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Friday, November 30, 2012

The unsung heroes in the Carving Shed

The Tribal House renovation is crawling towards completion.  The structure itself looks like a near finished product, with foundation, wall and roof construction wrapping up weeks ago.  Finishing the interior could take a couple more months, and some of the house’s artwork, including the screen, still needs to be restored.  The bear screen, which guards the entrance to the Historical Site, will be restored by Master Carver Steve Brown and a couple of the Tribal House’s unsung heroes.

Susie Kasinger - Greg Knight photo

“Nineteen boards left,” exclaimed carver Susie Kasinger.

That was the good news the crew at the Carving Shed got back in late August, as Project Manager Todd White and the crew only need 25 more Cedar planks to finish the Tribal House roof.  Counting the three lay finished in the corner of the facility, and the planks each member of the carving trio were adzing that day, there was finally a finish line in sight.  

“It’ll take us about a week to finish those last 19,” said carver and Wrangell local Susie Kasinger.  “Some boards can take a little longer, depending on how many knots you find and how the grain is treating you.  It’ll usually take about 8 hours to finish one, but Linda finished 3 ½ the other day.”

The Linda she’s referring to is another homegrown adzer, Linda Churchill.  “I was just cruising that day, picking some really good pieces of wood,” said Churchill, whose father was also a carver.  “Picking the right piece takes a little luck.  Sometimes a good looking piece of wood can take you twice as long, you don’t find out until you get going a little bit.”

Linda reached for her adze, a very traditional tool in every sense, except for the tennis racket grip tape on the handle.  “Susie got us the tape from  I think my fingertips might be permanently square thanks to the adzing.  I’m not sure how bad of shape they’d be in without the tape.”

The trio made adzes of their own under the guidance of Master Carver Wayne Price at the beginning of the project.  Each has picked up a couple other adzes along the way, whether it be a hand-me-down or something they found on eBay.  
Linda Churchill

Kasinger and Churchill, along with Justin Smith of Whitehorse in the Yukon, have had every piece of Cedar pass through their workshop, a temporary carving facility comprising of two shipping containers and an adjoining roof.  While the local ladies say they couldn’t have done it without Smith returning for a second round in the Carving Shed, the real story remains that these two women are fueling a project in positions that historically are rarely filled by females.

“Linda and I aren’t really thinking about that,” said Kasinger.  “We’re just relieved to see the light at the end of the tunnel and the building almost finished.”

Not that they’re excited to be done, but they think it’ll be nice to carve without pressure of a schedule and hopefully carve without the Project Manager watching over their shoulder for a board that takes up to 8 hours to adze.  The two are now getting to show their skills in other areas of the project.  In addition to carving any finishing work, the pair has been re-painting lanterns and are counting down the days until the arrival of Steve Brown, who they will assist in restoring the screen.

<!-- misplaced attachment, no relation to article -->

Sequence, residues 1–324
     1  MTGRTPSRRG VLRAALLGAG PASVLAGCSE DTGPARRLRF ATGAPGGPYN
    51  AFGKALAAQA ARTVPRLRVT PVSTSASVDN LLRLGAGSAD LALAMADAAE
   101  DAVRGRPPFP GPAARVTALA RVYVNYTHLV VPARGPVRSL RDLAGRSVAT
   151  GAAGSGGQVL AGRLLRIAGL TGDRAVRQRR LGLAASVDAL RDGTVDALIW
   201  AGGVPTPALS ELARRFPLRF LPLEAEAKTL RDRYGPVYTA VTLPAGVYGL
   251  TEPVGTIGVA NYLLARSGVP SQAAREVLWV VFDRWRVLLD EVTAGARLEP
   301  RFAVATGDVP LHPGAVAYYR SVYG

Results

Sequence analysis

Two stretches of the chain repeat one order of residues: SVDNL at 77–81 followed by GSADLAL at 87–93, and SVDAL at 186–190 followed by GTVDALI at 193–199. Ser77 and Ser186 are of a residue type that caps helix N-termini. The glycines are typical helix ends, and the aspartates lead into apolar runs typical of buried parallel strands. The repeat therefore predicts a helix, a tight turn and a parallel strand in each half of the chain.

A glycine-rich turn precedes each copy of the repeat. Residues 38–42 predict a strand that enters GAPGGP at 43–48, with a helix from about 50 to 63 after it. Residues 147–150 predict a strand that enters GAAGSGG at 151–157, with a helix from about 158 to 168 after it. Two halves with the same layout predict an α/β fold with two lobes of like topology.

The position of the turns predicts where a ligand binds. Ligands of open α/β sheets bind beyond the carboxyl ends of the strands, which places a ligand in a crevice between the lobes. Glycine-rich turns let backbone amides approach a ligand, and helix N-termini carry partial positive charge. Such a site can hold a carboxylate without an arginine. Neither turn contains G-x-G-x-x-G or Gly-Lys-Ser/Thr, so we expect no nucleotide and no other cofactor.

Justin Smith

Kasinger and Churchill continue to “man” the shed, while Smith said goodbye to Wrangell until the Re-dedication in May.  If his plans held up, Smith could be finishing off a cross-continent run to Guatemala.

You read that right, running to Guatemala.  He’ll fly to meet his running partners, currently chugging across North America somewhere, then it’s off to Central America to take part in some Aztec/Mayan 2012 celebrations.  And this isn’t Justin’s first cross-continent rodeo.  Before coming to Wrangell last year, he hoofed it from Whitehorse to Panama City for a similar indigenous peoples event.

“It wasn’t so bad,” said Smith of the run.  “I got shin splints once, but that healed up after some rest.  My knee started hurting pretty good at one point, but that just went away.  Got to have good shoes.  It’s all about the shock absorbers.”

For more than 6 months, Smith’s group would crash in guest rooms, on couches, floors, or in tents on the voyage south.  This trip won’t last nearly as long, and Smith says he wouldn’t miss the 2013 Re-dedication for anything.

“This Tribal House, working in the Carving Shed, has been just like its own marathon,” added Smith.  “I am very honored to have been a part of the Shakes Island project.”

The temporary carving facility the trio called home is no more.  It won’t be long before ground is broken on a brand new 4,500 sq. ft. Carving Shed, on the same patch of land they carved on for months, but in the meantime they’ll work from another temporary shed.  Once again it’s two shipping containers and a roof, but this time they have a view as the shed is across the bridge from Shakes Island.  

The girls did have a little bit of a wish list for the new Carving Shed.  Something to battle the heat would be nice, since the temporary facility is built like a greenhouse, letting sunlight in while trapping the heat inside.  Panels were often removed and fans brought in just to get a breeze working.  They would also love a kitchen and bathroom.  They would like to not have to borrow fridge space and a spot to place a coffee pot from the neighbors.  I’d say they’ve earned it.

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